You’ve heard us say it before – those last few weeks of wedding planning are the most detail intensive of the entire planning process. Tensions are stressing, budget is straining, and then Wham! You realize all of a sudden you haven’t allotted any gratuities for your wedding vendors or budgeted for any vendor meals. We’ve seen these questions time and again in our local planning groups: “Should we be providing meals for wedding vendors?”, “Do you tip vendors?” “How do we ensure a smooth, working relationship with our vendors on wedding day?”
So today we’re giving you the behind the scenes scoop on all things wedding vendor etiquette!
First things first, start the working relationship off with your best foot forward! When working with vendors we always recommend:
Let us say this– providing meals for your vendors is always appreciated but (generally) never expected. We highly recommended including key wedding vendors in the final meal count. These vendors can include photographer(s), videographer(s), wedding planner(s), DJ, band members, bartenders, and any vendor working 8+ hours through the dinner portion of your wedding day. While you’ll not often be “required” to provide a meal for these vendors, they are required to take a dinner break during their working shift. Providing a hot meal on site ensures that vendors won’t have to leave the venue, and then quite possibly miss some of the major moments in your wedding day timeline.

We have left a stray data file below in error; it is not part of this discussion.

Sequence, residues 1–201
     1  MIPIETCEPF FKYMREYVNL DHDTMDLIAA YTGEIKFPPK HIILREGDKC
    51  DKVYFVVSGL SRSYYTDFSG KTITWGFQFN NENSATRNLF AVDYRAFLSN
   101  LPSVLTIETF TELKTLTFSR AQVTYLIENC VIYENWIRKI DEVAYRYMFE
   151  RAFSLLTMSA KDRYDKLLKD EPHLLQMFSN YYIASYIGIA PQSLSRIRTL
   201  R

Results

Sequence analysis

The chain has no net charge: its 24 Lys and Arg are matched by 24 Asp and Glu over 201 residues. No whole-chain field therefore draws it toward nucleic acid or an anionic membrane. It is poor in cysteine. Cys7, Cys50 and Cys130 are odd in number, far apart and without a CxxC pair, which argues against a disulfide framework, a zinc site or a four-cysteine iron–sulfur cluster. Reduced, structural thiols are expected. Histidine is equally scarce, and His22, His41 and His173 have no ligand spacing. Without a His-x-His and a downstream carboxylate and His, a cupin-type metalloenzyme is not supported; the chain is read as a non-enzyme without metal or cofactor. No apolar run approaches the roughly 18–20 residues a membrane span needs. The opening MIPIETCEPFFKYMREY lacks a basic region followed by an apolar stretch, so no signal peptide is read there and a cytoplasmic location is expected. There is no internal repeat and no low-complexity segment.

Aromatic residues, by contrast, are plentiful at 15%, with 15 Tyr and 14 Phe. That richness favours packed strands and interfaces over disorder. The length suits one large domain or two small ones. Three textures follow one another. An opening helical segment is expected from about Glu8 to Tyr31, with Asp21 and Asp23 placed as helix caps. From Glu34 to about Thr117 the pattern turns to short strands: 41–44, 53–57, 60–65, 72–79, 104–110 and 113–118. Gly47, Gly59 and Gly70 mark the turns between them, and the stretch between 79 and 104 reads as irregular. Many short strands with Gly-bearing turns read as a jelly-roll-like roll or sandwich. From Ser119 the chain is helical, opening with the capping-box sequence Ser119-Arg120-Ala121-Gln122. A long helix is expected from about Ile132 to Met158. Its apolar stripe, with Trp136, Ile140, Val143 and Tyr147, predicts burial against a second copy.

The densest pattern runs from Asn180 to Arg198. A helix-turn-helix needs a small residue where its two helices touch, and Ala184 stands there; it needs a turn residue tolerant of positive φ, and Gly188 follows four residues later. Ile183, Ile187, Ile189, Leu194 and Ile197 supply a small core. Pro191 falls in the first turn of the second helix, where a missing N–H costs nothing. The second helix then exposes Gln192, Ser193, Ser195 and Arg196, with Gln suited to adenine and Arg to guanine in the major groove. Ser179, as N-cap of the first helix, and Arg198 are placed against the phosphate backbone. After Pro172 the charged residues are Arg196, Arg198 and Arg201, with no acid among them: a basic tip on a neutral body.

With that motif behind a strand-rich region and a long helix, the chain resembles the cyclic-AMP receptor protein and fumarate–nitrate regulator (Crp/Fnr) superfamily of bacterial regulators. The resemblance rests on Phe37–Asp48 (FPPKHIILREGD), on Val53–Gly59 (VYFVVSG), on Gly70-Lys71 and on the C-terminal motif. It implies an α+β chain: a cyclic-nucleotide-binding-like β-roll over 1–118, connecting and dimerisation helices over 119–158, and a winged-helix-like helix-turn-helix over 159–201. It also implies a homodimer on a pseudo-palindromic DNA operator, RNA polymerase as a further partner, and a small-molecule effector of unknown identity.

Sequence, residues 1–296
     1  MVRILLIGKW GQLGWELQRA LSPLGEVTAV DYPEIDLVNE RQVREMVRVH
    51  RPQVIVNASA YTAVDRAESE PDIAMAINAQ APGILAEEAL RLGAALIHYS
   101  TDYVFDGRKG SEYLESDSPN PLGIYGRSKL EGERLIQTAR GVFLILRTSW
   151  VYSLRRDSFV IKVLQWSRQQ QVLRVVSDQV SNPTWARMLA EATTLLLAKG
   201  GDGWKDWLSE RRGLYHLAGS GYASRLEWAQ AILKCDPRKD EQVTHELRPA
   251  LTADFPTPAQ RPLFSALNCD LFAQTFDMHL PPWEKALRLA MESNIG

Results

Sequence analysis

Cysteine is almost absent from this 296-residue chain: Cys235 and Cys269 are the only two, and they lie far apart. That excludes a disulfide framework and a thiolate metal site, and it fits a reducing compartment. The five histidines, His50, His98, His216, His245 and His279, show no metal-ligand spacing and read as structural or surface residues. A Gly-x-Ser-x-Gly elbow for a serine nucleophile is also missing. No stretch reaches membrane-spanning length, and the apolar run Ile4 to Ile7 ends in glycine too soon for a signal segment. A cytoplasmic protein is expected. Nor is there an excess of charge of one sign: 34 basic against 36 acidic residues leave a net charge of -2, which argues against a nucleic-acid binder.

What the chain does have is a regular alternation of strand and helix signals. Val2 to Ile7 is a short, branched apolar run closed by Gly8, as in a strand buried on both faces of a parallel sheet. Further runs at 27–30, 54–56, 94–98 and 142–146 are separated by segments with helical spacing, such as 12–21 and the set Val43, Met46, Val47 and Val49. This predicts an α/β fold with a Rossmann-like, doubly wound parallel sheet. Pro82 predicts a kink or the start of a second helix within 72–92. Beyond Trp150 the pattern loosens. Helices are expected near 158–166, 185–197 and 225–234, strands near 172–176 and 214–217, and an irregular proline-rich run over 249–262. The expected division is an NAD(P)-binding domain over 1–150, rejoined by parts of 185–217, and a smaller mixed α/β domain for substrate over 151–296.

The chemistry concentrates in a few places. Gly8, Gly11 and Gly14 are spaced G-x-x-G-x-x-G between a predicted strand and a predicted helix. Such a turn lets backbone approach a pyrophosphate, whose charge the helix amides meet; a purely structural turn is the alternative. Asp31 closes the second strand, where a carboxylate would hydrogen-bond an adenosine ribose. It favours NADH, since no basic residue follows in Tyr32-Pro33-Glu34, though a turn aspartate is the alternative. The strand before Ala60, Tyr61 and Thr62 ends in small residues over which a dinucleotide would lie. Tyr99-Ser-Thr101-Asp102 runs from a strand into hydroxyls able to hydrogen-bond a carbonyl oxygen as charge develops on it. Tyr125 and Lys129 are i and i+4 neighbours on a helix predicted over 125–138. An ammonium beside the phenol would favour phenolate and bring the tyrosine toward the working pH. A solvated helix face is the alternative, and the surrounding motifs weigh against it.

You won’t have to serve them the steak and lobster entree (unless you’d graciously like to offer that!) A filling, hot meal is often a much appreciated selection. Be sure to check with your catering team on this – caterers often have a simplified vendor meal option offered at a reduced rate to your wedding meal. Make sure to have your wedding planner collect all of the vendor’s allergen and dietary considerations to provide to the catering team with final meal count numbers. Another kind gesture is offering and including them in the non-alcoholic drinks package. While your vendors are professionals and won’t be taking shots at the bar, a nice caffeine boost throughout the evening keeps them sharp and ever attentive to your needs.
Our best rule of thumb is that when you and your babe are eating, your wedding vendors should be eating. Vendors who bring multiple team members to the event will often cycle through break times to ensure someone is always present should an emergency arise. Let your caterer know that your key vendors should be fed directly following you, to allow for smooth transitions into key moments following dinner like sunset photos, toasts, first dance, etc. Additional vendors (support staff, bartenders, catering team) can be fed following dinner service once the dance floor opens.
I know each and every wedding vendor will agree that any gift you choose to offer is so thoughtful and very much appreciated. But the best tip ever? A referral to everyone you know and a review online will go just as far in their hearts as anything else. If you decide you’d like to go above and beyond for your wedding vendors, we’ve pulled together these easy tipping guidelines to help simplify the process!